First vaccine against malaria not for adults — FG

First vaccine against malaria not for adults — FG

By Abujah Racheal, Abuja.

 

The Federal Government says the first malaria vaccine, recommended by the World Health Organization (WHO), will be administered in four doses to five-month-old babies.

 

WHO also said the vaccine would be effective against the deadliest parasite, especially common in Africa, but it is not for adults.

 

The Minister of Health, Dr Osagie Ehanire, made the clarifications on Tuesday in Abuja at the Ministerial bi-weekly meeting on the update of COVID-19 response and developments in the country’s health sector.

 

Recall that the 2021 World Malaria Report (WMR 2021) indicated that Nigeria contributed 27 per cent of the global malaria cases and 32 per cent of global malaria deaths.

 

The minister said that the country witnessed a total of 57 million clinical cases per year and annual deaths of about 100,000.

 

“It is also estimated that about 60 per cent of all out-patients and 30 per cent of all hospital admissions across the country are due to malaria”, he said.

 

Ehanire said that vaccines for malaria were still under review, with the first one known to have reduced the risk of malaria by 40 per cent in children in Africa as of 2020.

 

“The global target of the WHO is to reduce the incidence of malaria by at least 30 per cent by 2030,” he said.

 

The minister said that malaria remained one of the most common diseases prone to misdiagnosis and self-medication.

 

“In Nigeria especially, any symptoms of chills, body pain and headache often lead to the purchase of anti-malarial drugs; sometimes coupled with typhoid drugs; from the nearest pharmacy.

 

“Although effective in some cases, this ideology can be detrimental to our health, due to complications and increasing resistance to some anti-malarial drugs,” he said.

 

Ehanire, however, said that efforts were in place to combat the malaria scourge.

 

“Recently, President Muhammadu Buhari inaugurated the Nigeria End Malaria Council (NEMC) and mandated it to ensure successful implementation of the programme.

 

“The right implementation of strategies, utilising collaboration and interventions, would be based on the resolve of the administration to ensure the protection of the health of Nigerians and in the spirit of one health,” he said.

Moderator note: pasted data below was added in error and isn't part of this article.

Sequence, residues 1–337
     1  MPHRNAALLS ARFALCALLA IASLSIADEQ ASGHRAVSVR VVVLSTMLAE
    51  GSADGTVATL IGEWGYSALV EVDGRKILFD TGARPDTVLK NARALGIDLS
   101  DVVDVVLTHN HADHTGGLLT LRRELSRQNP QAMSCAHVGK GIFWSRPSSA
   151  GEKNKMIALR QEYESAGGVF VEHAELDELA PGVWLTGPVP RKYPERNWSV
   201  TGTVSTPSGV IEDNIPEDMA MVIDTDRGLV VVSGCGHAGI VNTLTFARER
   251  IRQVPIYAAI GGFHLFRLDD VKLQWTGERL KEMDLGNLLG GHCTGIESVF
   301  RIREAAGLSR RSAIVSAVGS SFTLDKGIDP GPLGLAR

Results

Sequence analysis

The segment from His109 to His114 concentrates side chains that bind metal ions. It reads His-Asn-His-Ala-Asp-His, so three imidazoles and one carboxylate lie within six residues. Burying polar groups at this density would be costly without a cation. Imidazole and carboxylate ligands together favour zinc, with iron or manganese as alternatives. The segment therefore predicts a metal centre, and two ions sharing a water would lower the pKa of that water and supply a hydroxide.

The minister said that the Federal Ministry of Health placed high priority on interventions that would limit vector-human contact, towards protecting people from diseases.

 

“There are more than 30 anopheles species of mosquitoes that have been reported across the five geo-ecological zones in the country.

 

“One reason why the mosquito has thrived across all parts of the country is its ability to breed and proliferate under unusual conditions.

 

“The importance of this critical vector and the diseases it transmits informed the establishment of the Integrated Vector Management Branch within the National Malaria Elimination Programme.

 

“The essence of the programme is to coordinate all efforts to mitigate the impact of the diseases,” he said.

 

Ehanire said that the objective of the National Malaria Strategic Plan was to seek improved access and utilisation of vector-control interventions to cover at least 80 per cent of the targeted population by 2025.

 

“Some of the vector interventions being deployed include mass distribution of Insecticide Treated Nets (ITNs) on the principle,” he said.

 

The minister said that the NMEP, in collaboration with partners, had established 29 entomological surveillance sentinel sites across the country.

 

He said that the purpose of the establishment was to monitor vector behaviour and insecticide resistance patterns across the different ecological zones of the country.

 

Ehanire said that the country had been profiled for critical locations where Indoor Residual Spraying was urgently required in about 25 states.

 

According to the 2010 Nigeria Malaria Indicator Survey (NMIS 2010), there has been a continuous decline in malaria infections from 42 per cent in 2010 to 27 per cent in 2015.

 

In the 2018 Nigeria Demographic and Health Survey (NDHS 2018), there was a further decline in malaria cases from 27 per cent to 23 per cent.

 

This decline was believed to have resulted from a thorough implementation of the National Malaria Strategic Plan.

 

Nigeria is currently implementing the National Malaria Strategic Plan of 2021 to 2025, with the intent to achieve a parasite prevalence of less than 10 per cent.

 

It is also expected to reduce mortality attributable to malaria to less than 50 deaths per 1,000 live births by the year 2025.

 

It will take about N1.89 trillion to implement this five-year plan.

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